• @Lou Pagnucco: in principle it might be, since Church's experiments too have been about recombining hydrogen and oxygen over a supported Pd (and also Pt in his case) catalyst - although in Church's case it's from an automotive catalytic converter. However, Lalik's paper was worded in a way as to not imply that there really is anomalous heat production (ie: excess heat), but rather anomalous heat evolution (excess rate of heating).


    Several gas-loaded LENR experiments employ micro/nanostructured catalysts, and my opinion is that they could be the key for understanding these phenomena. Erwin Lalik's comment earlier in this thread seems to point that compact hydrogen species could be at play, and was one of the main reasons why some time ago I started considering more seriously Rydberg matter Hydrogen (as per Leif Holmlid's research) as a possible explanation for the effects observed so far in the LENR field, and possibly also by Rossi.

  • The Justin Church video is quite long, but within it I see one likely misunderstanding. Church emphasizes the high temperature seen within the converter matrix. That is to be expected, since the catalytic matrix is ceramic and is specifically designed to come to high working temperature.... it is essentially an insulator. The degrees kelvin / celsius of temperature rise do not necessarily indicate a proportionate rise in ability to do outside work, which would be measured in joules / calories etc. The suggestion by Church that drilling into the converter matrix might allow removal of some of this useful heat will have two immediate effects: 1) it will cool the matrix and hence greatly reduce its ability to produce more heat in the vicinity of the copper tube. Further it will show that the quantity of heat is actually quite low, that is the ability to do work such as heating a working fluid in the copper tube will be predictably and disappointingly modest.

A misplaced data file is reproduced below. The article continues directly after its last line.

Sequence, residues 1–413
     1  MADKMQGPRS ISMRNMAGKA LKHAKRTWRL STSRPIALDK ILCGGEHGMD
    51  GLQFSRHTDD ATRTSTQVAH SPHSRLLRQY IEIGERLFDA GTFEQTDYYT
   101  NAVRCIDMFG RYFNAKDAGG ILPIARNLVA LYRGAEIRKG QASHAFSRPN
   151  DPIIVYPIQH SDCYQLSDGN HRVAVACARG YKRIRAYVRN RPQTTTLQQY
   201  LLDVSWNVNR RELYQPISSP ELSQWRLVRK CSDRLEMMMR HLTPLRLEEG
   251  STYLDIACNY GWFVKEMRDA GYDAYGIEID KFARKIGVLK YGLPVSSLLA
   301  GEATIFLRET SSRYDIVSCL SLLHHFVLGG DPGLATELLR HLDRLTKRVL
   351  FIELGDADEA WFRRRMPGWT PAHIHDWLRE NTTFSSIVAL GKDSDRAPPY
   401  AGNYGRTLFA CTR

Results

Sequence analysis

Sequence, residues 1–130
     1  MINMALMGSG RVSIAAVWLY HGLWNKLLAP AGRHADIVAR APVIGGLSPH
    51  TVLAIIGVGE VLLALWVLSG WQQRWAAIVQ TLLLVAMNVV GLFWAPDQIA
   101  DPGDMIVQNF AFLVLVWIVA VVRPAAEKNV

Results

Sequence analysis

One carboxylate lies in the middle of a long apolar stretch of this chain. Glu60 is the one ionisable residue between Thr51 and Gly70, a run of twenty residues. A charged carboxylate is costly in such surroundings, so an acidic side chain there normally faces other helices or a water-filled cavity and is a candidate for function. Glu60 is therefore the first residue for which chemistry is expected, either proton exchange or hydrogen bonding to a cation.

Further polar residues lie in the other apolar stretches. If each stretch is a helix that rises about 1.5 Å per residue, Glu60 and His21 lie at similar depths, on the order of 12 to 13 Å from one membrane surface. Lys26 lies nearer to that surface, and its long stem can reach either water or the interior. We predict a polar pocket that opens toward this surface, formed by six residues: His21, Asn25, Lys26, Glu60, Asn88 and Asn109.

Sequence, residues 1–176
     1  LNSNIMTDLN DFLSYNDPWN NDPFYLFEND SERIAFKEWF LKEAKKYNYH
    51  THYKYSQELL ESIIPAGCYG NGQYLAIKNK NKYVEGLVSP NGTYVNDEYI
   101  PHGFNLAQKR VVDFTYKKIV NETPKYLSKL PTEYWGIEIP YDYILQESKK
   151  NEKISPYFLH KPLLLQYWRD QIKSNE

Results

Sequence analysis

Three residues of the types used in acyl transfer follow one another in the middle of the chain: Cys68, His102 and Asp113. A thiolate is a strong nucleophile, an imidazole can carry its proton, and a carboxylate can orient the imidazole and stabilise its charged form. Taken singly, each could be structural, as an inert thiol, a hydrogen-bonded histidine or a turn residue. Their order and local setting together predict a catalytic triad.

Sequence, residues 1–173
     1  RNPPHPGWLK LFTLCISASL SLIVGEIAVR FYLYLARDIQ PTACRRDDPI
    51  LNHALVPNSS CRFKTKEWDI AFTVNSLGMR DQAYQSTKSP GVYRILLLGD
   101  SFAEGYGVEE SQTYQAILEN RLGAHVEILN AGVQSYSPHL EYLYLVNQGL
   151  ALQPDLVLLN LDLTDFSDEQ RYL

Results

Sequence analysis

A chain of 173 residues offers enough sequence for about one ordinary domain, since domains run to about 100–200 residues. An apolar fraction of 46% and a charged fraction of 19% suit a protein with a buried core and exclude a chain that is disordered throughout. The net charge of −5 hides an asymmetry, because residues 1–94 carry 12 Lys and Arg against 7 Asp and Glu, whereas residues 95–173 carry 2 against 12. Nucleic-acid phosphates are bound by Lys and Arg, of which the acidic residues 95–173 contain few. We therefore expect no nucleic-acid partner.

The fundamental issue here is equating "temperature" with "quantity of heat". Temperature rise in a given mass can measure "quantity of heat" or "work". The "surprisingly" high temperature here is dependent on the low density and low overall mass of the catalyst ceramic matrix, and on the low heat flow out of the matrix relative to the heat production of the reactions taking place. Joules as work and quantity of heat are defined classically as work required to cause a temperature rise per mass of water (specific heat and mass are integral to that definition).

  • @Longview: several people (me included) did suggest him to perform some sort of calorimetry to confirm the effect he thought he was seeing, but he always quite aggressively refused (together with some of his friends who also built similar devices), ranting that others were actually trying to make him pass as a sort of idiot and put his ideas down. You can find several videos on the subject on Youtube by him and others, titled "H-Cat" (not "Hot-Cat").


    He might have not had much more than a catalytic burner, but in light of Erwin Lalik's results in the paper presented in this thread, chances are that there could have been more to it.


    By the way, the video above is a repost of this (2013): https://www.youtube.com/watch?v=NqIBdhtvZ9o


    JC hasn't posted much on the subject in a year or so.
    His channel here: https://www.youtube.com/user/jdcproducts/videos